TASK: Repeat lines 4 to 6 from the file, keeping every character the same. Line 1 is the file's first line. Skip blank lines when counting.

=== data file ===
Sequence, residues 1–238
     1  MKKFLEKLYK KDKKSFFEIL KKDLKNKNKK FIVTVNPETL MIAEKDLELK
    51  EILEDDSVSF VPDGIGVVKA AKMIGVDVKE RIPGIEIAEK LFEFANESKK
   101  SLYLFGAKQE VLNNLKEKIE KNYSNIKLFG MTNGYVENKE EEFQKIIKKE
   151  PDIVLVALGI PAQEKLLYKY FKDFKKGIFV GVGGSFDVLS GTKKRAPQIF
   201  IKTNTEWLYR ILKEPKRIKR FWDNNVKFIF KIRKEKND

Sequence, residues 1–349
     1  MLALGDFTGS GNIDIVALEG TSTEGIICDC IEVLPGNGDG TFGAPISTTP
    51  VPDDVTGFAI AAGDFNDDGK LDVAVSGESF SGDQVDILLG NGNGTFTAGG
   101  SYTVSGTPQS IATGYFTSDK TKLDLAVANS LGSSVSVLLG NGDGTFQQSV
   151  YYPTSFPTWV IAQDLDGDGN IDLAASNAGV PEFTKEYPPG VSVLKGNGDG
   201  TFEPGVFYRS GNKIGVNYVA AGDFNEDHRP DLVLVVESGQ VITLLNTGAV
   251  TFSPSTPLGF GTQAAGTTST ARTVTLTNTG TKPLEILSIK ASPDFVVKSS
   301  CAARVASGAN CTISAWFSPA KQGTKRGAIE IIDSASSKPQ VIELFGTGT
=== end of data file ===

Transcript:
   101  SLYLFGAKQE VLNNLKEKIE KNYSNIKLFG MTNGYVENKE EEFQKIIKKE
   151  PDIVLVALGI PAQEKLLYKY FKDFKKGIFV GVGGSFDVLS GTKKRAPQIF
   201  IKTNTEWLYR ILKEPKRIKR FWDNNVKFIF KIRKEKND